There was this girl in high school named Shannon who was one of the funniest people I’d ever met. Everything she did was deliberately hilarious, from the way she’d walk down the hall, eat her lunch, or say hello to the phys-ed teacher. She had fantastic comedic timing. But it was exhausting being around her because you’d constantly be trying to keep the jokes going. One time we were driving down Talbot Street in St. Thomas, Ontario, trying to choose a drive-thru during our lunch hour. I don’t remember the make of her car, only that it was a funny shade of green and very, very long. It was probably the longest car I’d ever been in. Shannon said her signal/indicator didn’t work so, with her right hand on the steering wheel, and her whole body slouched low in her bench seat, she would perform hand signals out the window with her left arm. I think she was also talking in a hillbilly accent the entire time. I remember laughing uncontrollably.
Instead of a drive-thru, we settled on Pizza Hut for lunch. We laughed our way through our Caesar salads and our delicious, oil-soaked mini pizzas. And when the bill came, we got our money and waited for the change. The server was no where to be found. In fact, no staff member was anywhere to be found. So Shannon said we should just leave. It wasn’t our fault, she reasoned, that nobody wanted our money. I remember feeling morally conflicted for about three seconds but then who wants to be the stick-in-the-mud with a friend like Shannon? And I mean, wouldn’t it be HILARIOUS to just walk out of the Pizza Hut and not pay for our lunch?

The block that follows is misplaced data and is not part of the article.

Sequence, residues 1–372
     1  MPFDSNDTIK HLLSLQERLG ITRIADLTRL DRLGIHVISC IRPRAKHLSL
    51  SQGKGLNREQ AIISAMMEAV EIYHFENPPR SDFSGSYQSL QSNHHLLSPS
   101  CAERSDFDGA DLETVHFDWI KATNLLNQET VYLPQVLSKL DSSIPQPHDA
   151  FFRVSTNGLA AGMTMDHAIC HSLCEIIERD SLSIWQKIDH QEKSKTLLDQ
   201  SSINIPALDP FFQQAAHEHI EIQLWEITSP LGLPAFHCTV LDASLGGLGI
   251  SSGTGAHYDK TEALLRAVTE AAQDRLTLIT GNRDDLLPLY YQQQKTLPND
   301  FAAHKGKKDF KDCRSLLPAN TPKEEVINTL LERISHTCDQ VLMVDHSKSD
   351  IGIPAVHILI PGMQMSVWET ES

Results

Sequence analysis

It wasn’t exactly hilarious when I got home from school and saw the look on my parents’ faces. Turns out Pizza Hut called the cops on us, after the bus boy recognized me (I was extremely popular in high school.) My parents had to go in and pay the bill. One footnote here: I wasn’t a troublemaker back then. In fact, I was a great kid who did well at school, performed in school plays, was a Varsity athlete and had a part-time after-school job. (And I was extremely popular in high school. Actually, I peaked in high school.) So my parents were new at this game of punishment. They asked me what I was thinking when we walked out on the bill. I told them that I wasn’t thinking and t it had been Shannon’s idea in the first place so I’d been peer-pressured into doing it. There were some moments of silence as the three of us worked through this new territory in parent-child relations. And, if memory serves correct, there were even little smirks on their faces, like they were thinking, this is so weird! This kid never fucks up! It’s almost…funny!